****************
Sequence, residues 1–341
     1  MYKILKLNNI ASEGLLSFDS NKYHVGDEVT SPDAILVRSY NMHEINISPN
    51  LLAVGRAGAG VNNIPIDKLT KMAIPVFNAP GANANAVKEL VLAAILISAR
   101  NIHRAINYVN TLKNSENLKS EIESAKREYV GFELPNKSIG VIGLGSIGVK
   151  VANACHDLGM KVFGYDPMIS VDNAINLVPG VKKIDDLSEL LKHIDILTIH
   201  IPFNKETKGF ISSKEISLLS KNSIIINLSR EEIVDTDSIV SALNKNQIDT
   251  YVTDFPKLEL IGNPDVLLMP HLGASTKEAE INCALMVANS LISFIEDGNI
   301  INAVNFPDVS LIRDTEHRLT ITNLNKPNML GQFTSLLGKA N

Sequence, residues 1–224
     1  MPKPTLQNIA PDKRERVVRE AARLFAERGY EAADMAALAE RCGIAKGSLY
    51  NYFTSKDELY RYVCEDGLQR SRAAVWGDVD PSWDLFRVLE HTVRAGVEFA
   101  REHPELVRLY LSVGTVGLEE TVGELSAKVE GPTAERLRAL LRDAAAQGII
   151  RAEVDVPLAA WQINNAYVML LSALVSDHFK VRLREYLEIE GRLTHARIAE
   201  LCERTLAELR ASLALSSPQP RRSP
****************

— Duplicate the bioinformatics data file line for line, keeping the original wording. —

Sequence, residues 1–341
     1  MYKILKLNNI ASEGLLSFDS NKYHVGDEVT SPDAILVRSY NMHEINISPN
    51  LLAVGRAGAG VNNIPIDKLT KMAIPVFNAP GANANAVKEL VLAAILISAR
   101  NIHRAINYVN TLKNSENLKS EIESAKREYV GFELPNKSIG VIGLGSIGVK
   151  VANACHDLGM KVFGYDPMIS VDNAINLVPG VKKIDDLSEL LKHIDILTIH
   201  IPFNKETKGF ISSKEISLLS KNSIIINLSR EEIVDTDSIV SALNKNQIDT
   251  YVTDFPKLEL IGNPDVLLMP HLGASTKEAE INCALMVANS LISFIEDGNI
   301  INAVNFPDVS LIRDTEHRLT ITNLNKPNML GQFTSLLGKA N

Sequence, residues 1–224
     1  MPKPTLQNIA PDKRERVVRE AARLFAERGY EAADMAALAE RCGIAKGSLY
    51  NYFTSKDELY RYVCEDGLQR SRAAVWGDVD PSWDLFRVLE HTVRAGVEFA
   101  REHPELVRLY LSVGTVGLEE TVGELSAKVE GPTAERLRAL LRDAAAQGII
   151  RAEVDVPLAA WQINNAYVML LSALVSDHFK VRLREYLEIE GRLTHARIAE
   201  LCERTLAELR ASLALSSPQP RRSP